Mother's Day is once again upon us. And I just don't know what to do with it. Before we adopted, Mother's Day was a cruel reminder that I wasn't a mother. I would rush home from church so I could cry, because even though the lovely people there assured me I was a mother (I just didn't have kids yet...which, if they'd stopped to think about it, was kinda' the POINT!), I felt like an outcast surrounded by women who could fulfill their calling as mother without outside help. After we adopted, it was hard to forget those pangs of Mother's Days past. I remember feeling so much relief when I finally had a child when Mother's Day rolled around...I finally was a mother! But those feelings of inadequacy, longing, and sorrow would creep back through the years to haunt and mock me, despite my best efforts. Guess that's why I'm human.
After we adopted, I had new pangs to worry about. Every Mother's Day, I mourn for my kids' birthmom's loss. I think of her alone, without her children, aching for them. I hope she has a measure of peace, but we always say an extra special prayer on Mother's Day, just in case. It weighs heavily on me that our joy came about through her sorrow. And that is something I hope and strive to never forget. So, strike two against Mother's Day.
Now, Mother's Day has a whole new element of sorrow, deeper and fresher than the rest. My mom died three weeks before Mother's Day last year. And now...it's a reminder that my mom isn't here anymore. (Not that I need a reminder; I'm always acutely aware of her absence, especially since we were so close.) Mother's Day has become a day I painfully grin while my children celebrate me, their mother, while I desperately miss my own mother.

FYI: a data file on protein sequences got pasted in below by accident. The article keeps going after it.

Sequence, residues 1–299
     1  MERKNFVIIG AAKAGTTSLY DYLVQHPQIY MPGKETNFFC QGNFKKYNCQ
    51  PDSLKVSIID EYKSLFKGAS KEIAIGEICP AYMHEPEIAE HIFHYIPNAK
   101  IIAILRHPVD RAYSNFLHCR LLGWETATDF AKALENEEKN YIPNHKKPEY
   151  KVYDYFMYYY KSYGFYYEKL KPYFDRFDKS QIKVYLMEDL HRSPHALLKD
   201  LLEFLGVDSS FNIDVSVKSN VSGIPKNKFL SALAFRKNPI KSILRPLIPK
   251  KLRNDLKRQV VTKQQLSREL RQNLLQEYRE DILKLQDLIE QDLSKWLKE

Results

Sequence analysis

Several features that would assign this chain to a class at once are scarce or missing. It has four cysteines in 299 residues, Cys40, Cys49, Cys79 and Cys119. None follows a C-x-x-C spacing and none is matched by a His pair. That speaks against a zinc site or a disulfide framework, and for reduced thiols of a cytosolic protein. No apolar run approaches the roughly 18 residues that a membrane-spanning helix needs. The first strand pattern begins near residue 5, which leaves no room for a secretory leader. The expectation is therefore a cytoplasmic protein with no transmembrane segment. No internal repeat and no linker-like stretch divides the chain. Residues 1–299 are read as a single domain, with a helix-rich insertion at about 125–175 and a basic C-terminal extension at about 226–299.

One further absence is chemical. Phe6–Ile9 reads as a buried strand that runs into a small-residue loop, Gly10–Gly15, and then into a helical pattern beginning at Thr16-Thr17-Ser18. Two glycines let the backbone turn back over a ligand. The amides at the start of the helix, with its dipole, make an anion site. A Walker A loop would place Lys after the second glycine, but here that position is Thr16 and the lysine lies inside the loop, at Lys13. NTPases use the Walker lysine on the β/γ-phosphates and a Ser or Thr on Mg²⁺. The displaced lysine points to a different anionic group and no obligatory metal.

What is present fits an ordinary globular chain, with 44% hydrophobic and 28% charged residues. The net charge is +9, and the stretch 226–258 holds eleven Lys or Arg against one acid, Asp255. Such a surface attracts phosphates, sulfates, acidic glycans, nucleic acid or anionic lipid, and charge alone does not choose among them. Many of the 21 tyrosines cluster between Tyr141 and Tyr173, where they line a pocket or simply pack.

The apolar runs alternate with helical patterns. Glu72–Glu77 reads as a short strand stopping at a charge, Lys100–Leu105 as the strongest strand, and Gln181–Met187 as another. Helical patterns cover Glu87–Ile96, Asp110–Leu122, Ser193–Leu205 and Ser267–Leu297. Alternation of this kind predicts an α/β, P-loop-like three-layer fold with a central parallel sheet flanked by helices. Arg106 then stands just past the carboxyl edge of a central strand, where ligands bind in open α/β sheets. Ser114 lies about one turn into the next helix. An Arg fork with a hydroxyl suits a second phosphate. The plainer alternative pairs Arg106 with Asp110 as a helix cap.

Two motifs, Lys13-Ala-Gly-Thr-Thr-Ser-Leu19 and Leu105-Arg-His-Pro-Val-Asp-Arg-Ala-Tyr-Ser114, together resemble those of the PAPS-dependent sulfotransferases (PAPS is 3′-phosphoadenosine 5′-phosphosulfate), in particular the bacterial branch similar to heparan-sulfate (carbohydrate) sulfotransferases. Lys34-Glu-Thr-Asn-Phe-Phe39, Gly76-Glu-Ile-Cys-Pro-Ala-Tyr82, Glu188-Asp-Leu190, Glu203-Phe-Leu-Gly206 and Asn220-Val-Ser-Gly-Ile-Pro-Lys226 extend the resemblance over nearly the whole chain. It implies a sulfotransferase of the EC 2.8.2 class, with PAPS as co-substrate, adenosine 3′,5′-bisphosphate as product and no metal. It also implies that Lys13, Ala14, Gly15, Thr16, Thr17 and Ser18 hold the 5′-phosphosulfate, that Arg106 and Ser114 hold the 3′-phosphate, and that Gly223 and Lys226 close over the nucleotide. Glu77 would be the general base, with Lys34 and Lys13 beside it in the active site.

There has to be a point in there somewhere, right? Maybe it's this: Whether you're a biological mom, a birthmom, foster mom, adoptive mom, or a woman wishing and longing to be a mom...don't wait to honor the women in your life. Don't wait for others to honor you in order to feel validated. I am grateful that I celebrated my mom always, not just once a year. She never had to receive my cards or gifts, because I told her almost every day how much I loved her. There was never any doubt of our love and devotion, and we didn't need Mother's Day to tell each other how much we adored each other. Life is oh, so desperately short. Too short to wait to say the words in your heart. Too short to wait to hear them from someone else. Give love, receive love, and go confidently through life knowing you won't regret showing that love. I know I haven't.
Each of us is surrounding by outstanding women in our lives. Look around...you know it's true. Tell them how wonderful they are. Tell yourself how wonderful you are. Not because you're a mother. But because you are a loyal friend; a loving wife; a doting aunt; an understanding sister; a Child of God.
P.S. I try not to write about my mom on this blog too much. It is painful for me and probably uncomfortable for you. But the further I travel in this adoption journey, the more I realize (and am grateful) that my mom shaped me as a mother in so many ways I never imagined. And it only seems fitting that my grief would mark this leg of my journey and interweave itself into the tapestry that is my life--all aspects of my life, even adoption. So pardon me if my sorrow comes to the surface more often than you would like. But...really...it IS my blog, after all. *wink*